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What Do I Do Now?

“The most important thing in the Olympic games is not winning but taking part; the essential thing in life is not conquering but fighting well.” 

            ~ Pierre de Coubertin, founder of modern Olympic games


So, you were just diagnosed with type 2 diabetes, now what?

  1. First of all, take a deep breath and know that you’re going to be all right. When they first get the news, many people automatically think the worst as their subconscious drifts off to all the commercials and Internet ads describing diabetes comorbidities like metabolic syndrome, chronic disease and death. No wonder their thoughts travel down the tailspin of believing that they’ve been given a death-sentence. Just know this: Type 2 diabetes is completely reversible, so you need not fret.
  2. Second, start off on the right foot. After you regroup from the initial diagnosis, commit to implement the life changes necessary to reverse your disease. You don’t even have to know the details just yet. Just COMMIT to doing WHATEVER it takes. This will help set the tone for your health and recovery over the long haul. Faith precedes action and you will need to boost your “believe-o-meter” for the challenging road ahead. Trust us when we tell you that ALL things are possible for you and reversing diabetes certainly falls in that category!
  3. Third, start to clean house. Performing some serious spiritual, mental, physical, emotional and financial housekeeping will serve you well in the upcoming months as you tackle diabetes head-on. Keep laser-focused positive thoughts at the forefront of your mind and make a list of the destructive aspects of your life. Take this new diagnosis as an opportunity to reinvent yourself. Therefore, approach your housecleaning with pinpoint accuracy and slowly rid yourself of everything negative that may be poisoning your life.
  4. Finally, surround yourself with life-giving people. The time spent immediately after recently being diagnosed with diabetes is NOT best spent with negative people with destructive eating and exercise habits. Birds of a feather certainly flock together, so if you want to soar with the eagles, don’t spend your time on the ground with the penguins! Is everyone in your life a downer? No worries! Hire a natural health or personal life coach! They are fantastic resources so choose someone you admire because you’re certain to spend a lot of time with them.

At this point, what should you expect from your doctor? He or she will probably:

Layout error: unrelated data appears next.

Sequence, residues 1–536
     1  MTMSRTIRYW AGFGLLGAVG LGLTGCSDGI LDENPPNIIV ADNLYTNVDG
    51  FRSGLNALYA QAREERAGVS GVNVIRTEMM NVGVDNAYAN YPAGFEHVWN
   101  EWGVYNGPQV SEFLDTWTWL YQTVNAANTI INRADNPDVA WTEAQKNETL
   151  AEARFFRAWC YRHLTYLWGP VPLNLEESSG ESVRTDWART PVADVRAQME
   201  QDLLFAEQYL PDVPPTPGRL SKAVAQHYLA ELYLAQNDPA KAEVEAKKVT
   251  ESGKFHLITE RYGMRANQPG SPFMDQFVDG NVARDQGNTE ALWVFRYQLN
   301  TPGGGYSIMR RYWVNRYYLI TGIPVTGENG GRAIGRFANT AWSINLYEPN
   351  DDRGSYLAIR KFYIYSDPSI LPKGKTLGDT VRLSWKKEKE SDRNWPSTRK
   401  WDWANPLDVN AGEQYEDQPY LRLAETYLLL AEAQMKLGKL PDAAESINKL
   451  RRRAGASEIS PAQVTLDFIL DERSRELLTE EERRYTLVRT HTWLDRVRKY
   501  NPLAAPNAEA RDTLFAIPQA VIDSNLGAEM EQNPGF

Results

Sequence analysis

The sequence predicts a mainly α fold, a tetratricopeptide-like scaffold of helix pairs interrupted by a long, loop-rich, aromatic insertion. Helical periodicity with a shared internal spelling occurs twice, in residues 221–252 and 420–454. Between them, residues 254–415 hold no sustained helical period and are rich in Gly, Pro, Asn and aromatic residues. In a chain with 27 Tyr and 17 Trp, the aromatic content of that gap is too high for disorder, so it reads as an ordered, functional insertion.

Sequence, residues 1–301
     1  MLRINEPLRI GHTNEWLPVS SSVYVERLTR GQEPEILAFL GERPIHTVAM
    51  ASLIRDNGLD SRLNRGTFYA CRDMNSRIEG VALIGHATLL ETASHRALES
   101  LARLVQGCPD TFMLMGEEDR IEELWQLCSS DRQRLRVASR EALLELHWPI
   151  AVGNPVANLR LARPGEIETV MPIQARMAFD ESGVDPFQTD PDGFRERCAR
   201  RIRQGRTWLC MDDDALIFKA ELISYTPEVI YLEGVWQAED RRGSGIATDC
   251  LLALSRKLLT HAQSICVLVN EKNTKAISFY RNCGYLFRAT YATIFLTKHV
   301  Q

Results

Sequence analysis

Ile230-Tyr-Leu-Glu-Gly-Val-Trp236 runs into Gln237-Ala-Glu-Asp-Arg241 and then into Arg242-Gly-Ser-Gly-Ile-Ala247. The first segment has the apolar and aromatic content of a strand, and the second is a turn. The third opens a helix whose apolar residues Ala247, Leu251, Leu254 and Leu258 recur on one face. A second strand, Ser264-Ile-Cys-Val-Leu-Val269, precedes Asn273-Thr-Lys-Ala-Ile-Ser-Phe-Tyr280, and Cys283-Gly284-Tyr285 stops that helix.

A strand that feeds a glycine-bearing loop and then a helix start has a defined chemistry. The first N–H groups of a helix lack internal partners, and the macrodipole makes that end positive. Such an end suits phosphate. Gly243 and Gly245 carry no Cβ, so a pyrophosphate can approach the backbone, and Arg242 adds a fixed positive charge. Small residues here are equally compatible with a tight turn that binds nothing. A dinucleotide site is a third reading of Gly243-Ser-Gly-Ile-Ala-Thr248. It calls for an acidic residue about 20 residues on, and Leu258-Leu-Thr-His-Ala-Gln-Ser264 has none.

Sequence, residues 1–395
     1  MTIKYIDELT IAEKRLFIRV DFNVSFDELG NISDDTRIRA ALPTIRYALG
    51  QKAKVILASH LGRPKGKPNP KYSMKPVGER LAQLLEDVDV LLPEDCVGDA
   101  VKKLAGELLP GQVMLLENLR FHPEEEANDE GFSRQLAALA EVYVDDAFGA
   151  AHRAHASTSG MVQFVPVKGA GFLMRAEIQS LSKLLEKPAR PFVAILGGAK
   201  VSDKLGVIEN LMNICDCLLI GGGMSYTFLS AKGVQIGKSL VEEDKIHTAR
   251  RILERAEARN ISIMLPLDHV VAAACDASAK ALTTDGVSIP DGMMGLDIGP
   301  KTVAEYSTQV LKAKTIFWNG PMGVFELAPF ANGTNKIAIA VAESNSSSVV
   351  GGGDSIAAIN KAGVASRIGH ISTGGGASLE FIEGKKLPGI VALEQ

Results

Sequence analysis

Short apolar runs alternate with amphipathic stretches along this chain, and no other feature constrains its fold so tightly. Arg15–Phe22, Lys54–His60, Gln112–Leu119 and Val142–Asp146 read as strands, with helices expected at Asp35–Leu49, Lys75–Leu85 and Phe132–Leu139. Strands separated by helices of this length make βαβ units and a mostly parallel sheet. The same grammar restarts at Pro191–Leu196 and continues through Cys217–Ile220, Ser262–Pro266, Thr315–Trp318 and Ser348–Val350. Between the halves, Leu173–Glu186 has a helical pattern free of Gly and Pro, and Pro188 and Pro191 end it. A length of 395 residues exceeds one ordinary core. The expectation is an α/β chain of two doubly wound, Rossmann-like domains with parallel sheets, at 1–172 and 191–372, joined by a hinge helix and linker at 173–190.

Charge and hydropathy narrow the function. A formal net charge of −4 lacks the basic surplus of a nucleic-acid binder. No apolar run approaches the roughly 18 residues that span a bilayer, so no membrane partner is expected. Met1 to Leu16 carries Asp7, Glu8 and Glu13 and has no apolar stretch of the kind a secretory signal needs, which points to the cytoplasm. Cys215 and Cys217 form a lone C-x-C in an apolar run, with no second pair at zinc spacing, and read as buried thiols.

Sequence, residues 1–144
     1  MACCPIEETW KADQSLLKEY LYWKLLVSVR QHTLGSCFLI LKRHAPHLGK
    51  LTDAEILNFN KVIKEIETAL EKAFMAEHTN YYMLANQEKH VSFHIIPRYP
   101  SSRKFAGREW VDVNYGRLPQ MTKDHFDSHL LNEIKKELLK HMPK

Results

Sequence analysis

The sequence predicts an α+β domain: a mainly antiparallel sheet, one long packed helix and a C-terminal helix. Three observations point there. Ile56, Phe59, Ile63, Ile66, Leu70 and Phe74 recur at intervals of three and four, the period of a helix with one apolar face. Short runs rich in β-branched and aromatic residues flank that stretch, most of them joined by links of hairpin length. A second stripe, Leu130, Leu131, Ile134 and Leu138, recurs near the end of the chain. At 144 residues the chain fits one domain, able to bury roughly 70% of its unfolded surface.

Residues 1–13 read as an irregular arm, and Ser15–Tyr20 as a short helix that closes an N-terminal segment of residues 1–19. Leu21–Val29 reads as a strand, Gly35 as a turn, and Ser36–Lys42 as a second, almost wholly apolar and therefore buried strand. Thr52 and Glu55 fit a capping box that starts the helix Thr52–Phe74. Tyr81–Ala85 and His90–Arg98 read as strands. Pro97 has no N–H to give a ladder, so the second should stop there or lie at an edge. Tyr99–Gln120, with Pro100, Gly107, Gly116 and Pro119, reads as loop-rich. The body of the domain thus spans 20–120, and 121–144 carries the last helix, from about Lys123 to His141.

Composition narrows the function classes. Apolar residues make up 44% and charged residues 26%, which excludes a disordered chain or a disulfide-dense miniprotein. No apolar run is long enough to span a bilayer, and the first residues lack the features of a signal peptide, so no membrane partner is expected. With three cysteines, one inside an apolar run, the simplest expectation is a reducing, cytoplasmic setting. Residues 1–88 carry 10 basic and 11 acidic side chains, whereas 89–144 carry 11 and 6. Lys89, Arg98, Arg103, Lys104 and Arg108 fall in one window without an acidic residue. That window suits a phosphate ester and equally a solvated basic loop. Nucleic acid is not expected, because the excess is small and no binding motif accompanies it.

• Refer you to a diabetes management team to support you through the process. Including your primary care physician, this team may include a dietician/nutritionist, exercise physiologist, mental health counselor, and a nurse/nurse practitioner.
  • Start to experiment with different types of medication, and/or insulin use.
  • Put you on a blood sugar monitoring regimen.
  • Provide some basic dietary and exercise recommendations in an effort to help you implement a more balanced meal plan and to get some well-needed movement back into your life.

According to the Mayo Clinic, “Maintaining a healthy weight and monitoring your blood sugar levels are keys to managing your diabetes.” Subsequently, this will be the approach your diabetes management team will take at whatever costs necessary. Although, these are important steps to take by your leading physician, there are also some critical alternative options many doctors will not tell you to take into consideration.


“He who is not courageous enough to take risks will accomplish nothing in life.”

          ~ Muhammad Ali, gold medalist in boxing in 1960

Ultimately, because no one has such a vested interested in YOUR health as YOU do, the onus is really on you to become the diabetes expert and not rely on your medical diabetes team. Their primary function is to help stabilize your blood sugar and point you in the right direction, but remember – at the end of the day – you have the final say in your care plan.

Here are some tips to get you started as you go “back to school:”

  1. Beginner – Google is the search engine of choice for getting started. Let your interests lead your search and have fun hopping from one article or website to the next. You’d be surprised what you can find on the Internet nowadays and most of it is offered for free! The primary issue with Google, however, is that there is virtually no censoring. Anyone can literally say anything that they want. And just because someone has MD, DC, ND, or RD after his or her name means squat. Letters don’t guarantee common sense and many people out there are looking to make a buck. So, peruse carefully.
  2. Intermediate – Google Scholar is for the more advanced search. With more rigorous requirements for inclusion comes less risk of reading off-the-wall craziness posted by any fool wanting to make a buck. This tool centers on more academic and evidenced-based articles and books, but still has links to lay websites.
  3. Advanced – PubMed is by far the most advanced search engine you’ll want to use. This is your go-to resource for free access to many medical journals that have been peer-reviewed and is considered to be the gold-standard of literature searching. With over 23 million citations for biomedical literature from MEDLINE, life science journals, and online books most of everything you’ll want to know about the research behind conventional and alternative recommendations for diabetes will be in here. Keep in mind that some journal articles are only available via subscription-only, but you can still review the abstracts (mini synapses of the articles) to give you a gist for what the article is saying.

Examples of key words and phrases to look up include: